Margie Fischer makes shrimp mousse
In 1985, when the Bears were hot enough to win the Super Bowl, Margie Fischer kicked off a new family tradition for Sunday dinner: football and appetizers.
Traditional meat, potatoes and vegetables were banished to the locker room while pigs in a blanket and Mexican dip with tortilla chips moved into the starting lineup. "Finger foods are fun meals," says Margie. "The kids always looked forward to it because everyone got to pick a favorite."
Husband Bill and their three young sons enjoyed the change in routine, especially the boys because they earned a timeout from vegetables.
The new game plan extended through the Bulls' string of conference titles starting in 1991 and sometimes went into play for a sports-free evening meal.
"At the middle of everything were my mother's Soy Sauce Chicken Wings," says Margie, who shares the family recipe with us this week. The twice-baked morsels are drenched in homemade, teriyaki-style sauce.
Another favorite was a Mexican layered dip of cream cheese topped with canned chili and shredded cheese, heated in the microwave and served with tortilla chips.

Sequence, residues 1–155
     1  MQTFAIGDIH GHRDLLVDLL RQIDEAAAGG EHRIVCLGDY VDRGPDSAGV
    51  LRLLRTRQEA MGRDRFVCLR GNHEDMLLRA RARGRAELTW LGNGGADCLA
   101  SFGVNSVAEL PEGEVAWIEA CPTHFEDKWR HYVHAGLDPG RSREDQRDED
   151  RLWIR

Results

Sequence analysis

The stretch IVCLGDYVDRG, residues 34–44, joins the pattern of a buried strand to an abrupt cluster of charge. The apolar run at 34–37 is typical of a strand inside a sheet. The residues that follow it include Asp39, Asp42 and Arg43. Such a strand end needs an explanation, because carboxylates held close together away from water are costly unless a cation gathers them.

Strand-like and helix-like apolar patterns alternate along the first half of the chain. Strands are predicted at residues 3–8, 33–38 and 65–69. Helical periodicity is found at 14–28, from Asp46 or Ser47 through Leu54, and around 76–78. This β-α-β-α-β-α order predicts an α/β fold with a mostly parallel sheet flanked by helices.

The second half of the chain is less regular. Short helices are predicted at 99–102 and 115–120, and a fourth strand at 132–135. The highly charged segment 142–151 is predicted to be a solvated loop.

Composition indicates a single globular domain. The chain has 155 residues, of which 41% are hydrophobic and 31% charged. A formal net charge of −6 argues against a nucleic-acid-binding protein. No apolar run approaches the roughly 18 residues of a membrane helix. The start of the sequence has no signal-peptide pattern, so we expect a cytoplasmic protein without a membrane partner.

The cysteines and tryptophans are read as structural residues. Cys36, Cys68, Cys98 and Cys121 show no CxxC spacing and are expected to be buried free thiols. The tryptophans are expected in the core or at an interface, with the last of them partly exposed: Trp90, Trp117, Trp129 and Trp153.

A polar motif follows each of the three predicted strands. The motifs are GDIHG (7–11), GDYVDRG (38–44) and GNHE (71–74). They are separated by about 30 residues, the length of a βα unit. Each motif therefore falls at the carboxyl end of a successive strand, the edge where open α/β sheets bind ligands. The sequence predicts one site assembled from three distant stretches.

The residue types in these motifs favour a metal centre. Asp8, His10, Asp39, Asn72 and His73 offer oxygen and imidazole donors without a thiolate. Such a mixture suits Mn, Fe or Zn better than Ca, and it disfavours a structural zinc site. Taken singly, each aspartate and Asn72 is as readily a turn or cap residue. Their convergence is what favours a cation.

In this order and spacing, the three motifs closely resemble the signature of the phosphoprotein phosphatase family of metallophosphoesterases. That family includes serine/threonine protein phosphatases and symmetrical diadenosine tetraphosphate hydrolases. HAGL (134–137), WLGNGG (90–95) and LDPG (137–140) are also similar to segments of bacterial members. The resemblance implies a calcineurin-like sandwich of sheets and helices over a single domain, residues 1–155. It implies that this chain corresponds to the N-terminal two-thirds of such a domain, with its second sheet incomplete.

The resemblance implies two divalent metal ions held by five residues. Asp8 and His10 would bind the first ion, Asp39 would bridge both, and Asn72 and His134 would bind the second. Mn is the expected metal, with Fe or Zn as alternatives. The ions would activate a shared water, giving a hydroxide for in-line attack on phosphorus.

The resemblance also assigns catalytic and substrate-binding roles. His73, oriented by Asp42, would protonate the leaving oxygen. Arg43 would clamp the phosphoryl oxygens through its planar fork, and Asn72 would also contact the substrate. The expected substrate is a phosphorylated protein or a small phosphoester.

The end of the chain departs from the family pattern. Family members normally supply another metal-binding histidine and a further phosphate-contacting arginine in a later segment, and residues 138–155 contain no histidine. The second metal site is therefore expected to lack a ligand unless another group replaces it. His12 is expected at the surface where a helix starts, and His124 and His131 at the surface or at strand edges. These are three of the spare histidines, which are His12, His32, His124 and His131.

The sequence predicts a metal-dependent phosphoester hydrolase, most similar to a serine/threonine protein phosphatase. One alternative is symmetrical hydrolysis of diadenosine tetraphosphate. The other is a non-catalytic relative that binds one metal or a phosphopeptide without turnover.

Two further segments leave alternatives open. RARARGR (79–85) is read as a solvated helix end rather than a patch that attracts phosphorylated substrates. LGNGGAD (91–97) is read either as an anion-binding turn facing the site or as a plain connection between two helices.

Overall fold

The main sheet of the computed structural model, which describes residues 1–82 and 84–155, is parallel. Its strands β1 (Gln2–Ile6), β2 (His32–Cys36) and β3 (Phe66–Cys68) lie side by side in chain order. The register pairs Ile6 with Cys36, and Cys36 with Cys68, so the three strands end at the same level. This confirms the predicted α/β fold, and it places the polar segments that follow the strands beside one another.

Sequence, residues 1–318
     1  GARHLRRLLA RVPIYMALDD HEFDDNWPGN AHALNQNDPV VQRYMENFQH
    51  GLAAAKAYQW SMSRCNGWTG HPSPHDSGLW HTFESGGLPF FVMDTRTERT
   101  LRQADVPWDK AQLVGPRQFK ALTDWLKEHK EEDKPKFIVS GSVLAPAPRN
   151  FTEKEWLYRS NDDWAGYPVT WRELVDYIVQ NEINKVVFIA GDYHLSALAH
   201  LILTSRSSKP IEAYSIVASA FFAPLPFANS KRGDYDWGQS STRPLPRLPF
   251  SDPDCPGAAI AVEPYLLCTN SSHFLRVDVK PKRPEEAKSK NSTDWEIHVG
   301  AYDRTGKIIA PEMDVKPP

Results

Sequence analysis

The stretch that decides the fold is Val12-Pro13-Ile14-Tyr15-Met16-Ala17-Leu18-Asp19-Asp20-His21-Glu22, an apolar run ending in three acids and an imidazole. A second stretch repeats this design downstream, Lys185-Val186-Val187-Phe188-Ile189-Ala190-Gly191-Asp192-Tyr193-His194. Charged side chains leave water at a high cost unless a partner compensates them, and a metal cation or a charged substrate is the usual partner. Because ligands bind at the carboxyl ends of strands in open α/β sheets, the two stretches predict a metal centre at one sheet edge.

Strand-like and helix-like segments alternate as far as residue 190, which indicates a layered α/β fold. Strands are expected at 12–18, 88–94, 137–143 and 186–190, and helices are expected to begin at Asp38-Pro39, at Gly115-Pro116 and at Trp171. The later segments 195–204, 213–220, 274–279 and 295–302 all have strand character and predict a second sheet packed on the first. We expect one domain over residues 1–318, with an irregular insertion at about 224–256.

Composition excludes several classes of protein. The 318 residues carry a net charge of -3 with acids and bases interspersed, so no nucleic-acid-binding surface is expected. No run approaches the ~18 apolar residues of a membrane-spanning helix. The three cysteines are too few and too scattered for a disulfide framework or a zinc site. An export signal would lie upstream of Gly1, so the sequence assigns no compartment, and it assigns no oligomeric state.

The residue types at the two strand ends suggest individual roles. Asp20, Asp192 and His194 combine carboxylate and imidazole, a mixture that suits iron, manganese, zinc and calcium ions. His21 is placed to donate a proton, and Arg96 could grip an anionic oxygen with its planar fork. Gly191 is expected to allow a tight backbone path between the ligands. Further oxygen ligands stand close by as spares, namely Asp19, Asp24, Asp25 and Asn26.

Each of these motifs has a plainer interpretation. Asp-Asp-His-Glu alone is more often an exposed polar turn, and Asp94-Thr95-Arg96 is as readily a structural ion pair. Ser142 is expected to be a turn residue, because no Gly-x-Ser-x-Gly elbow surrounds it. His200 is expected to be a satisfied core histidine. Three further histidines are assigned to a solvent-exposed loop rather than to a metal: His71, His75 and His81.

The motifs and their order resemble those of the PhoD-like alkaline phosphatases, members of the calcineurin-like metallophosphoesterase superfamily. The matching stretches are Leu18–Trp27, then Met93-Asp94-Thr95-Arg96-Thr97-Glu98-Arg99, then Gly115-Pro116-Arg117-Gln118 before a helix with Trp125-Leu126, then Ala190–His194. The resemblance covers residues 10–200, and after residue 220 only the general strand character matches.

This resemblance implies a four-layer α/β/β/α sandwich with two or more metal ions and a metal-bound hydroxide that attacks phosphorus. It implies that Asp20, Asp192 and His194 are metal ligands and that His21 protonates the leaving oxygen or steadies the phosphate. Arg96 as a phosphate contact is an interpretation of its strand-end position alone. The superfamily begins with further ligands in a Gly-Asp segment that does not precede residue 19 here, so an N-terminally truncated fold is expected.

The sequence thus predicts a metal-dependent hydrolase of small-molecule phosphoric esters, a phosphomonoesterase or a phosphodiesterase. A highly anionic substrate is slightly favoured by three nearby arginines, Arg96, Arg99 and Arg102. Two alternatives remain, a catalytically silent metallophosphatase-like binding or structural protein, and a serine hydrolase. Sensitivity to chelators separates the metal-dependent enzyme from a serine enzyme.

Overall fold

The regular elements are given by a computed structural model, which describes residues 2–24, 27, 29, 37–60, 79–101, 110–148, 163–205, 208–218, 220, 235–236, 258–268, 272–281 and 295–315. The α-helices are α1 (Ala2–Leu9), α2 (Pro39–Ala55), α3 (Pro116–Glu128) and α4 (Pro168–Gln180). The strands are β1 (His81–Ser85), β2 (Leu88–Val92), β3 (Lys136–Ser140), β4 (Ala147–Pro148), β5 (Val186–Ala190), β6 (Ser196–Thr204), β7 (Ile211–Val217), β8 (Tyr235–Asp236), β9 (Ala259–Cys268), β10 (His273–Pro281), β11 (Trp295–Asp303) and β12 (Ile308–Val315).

Those were the decadent, calorie-laden good old days, which Margie has backed away from as she and Bill approach senior-citizen status. Appetizers, especially those baked wings, are still on the menu for frequent entertaining, and her oldest son, Mark has carried on the all-appetizer dinner tradition at home in Oswego.
But Margie's evening meals maintain a healthy focus on lean protein, salad and vegetables.
As she and her friends turned 60 "we all decided it was the new 40," says Margie, who received a subscription to "Cooking Light" magazine for that landmark birthday.
To sustain that 40 feeling, she plans to raise her game with even more nutritious foods, like seafood.
"My goal is to find better ways to cook fish and learn to like it more," says the former nurse.
Though she and Bill love sea bass, grouper and crab legs, she doesn't prepare them often. Finding recipes for omega 3-rich salmon, and learning to enjoy its assertive flavor is her latest mission.
"We could pop a (omega 3) pill, but that's silly," she says. Scouting for new recipes still fires her up. One favorite source is a digital cookbook called "Big Oven," a collection of 50,000 recipes stored on her laptop for easy transport to the couple's lake house near Galena.
"You can type in whatever ingredients you have and it comes up with recipes," says Margie.
Surrounded by friends who love cooking and swapping recipes, Margie isn't ready to retire from the kitchen.
She loves the whole process, from meal planning and shopping to cooking, but it's more than that, it's a desire to feed her family no matter how many are at the table.
"I don't feel I'm off the hook yet," she says. "I feel it's a responsibility; I don't want to go to a restaurant five or six days a week or eat cereal or grilled cheese for dinner."
Though she's cooking for two most of the time now, Margie is happy that she's still in the game.
"I feel good about the fact that I still love it," she says. "It's never really an effort for me to cook."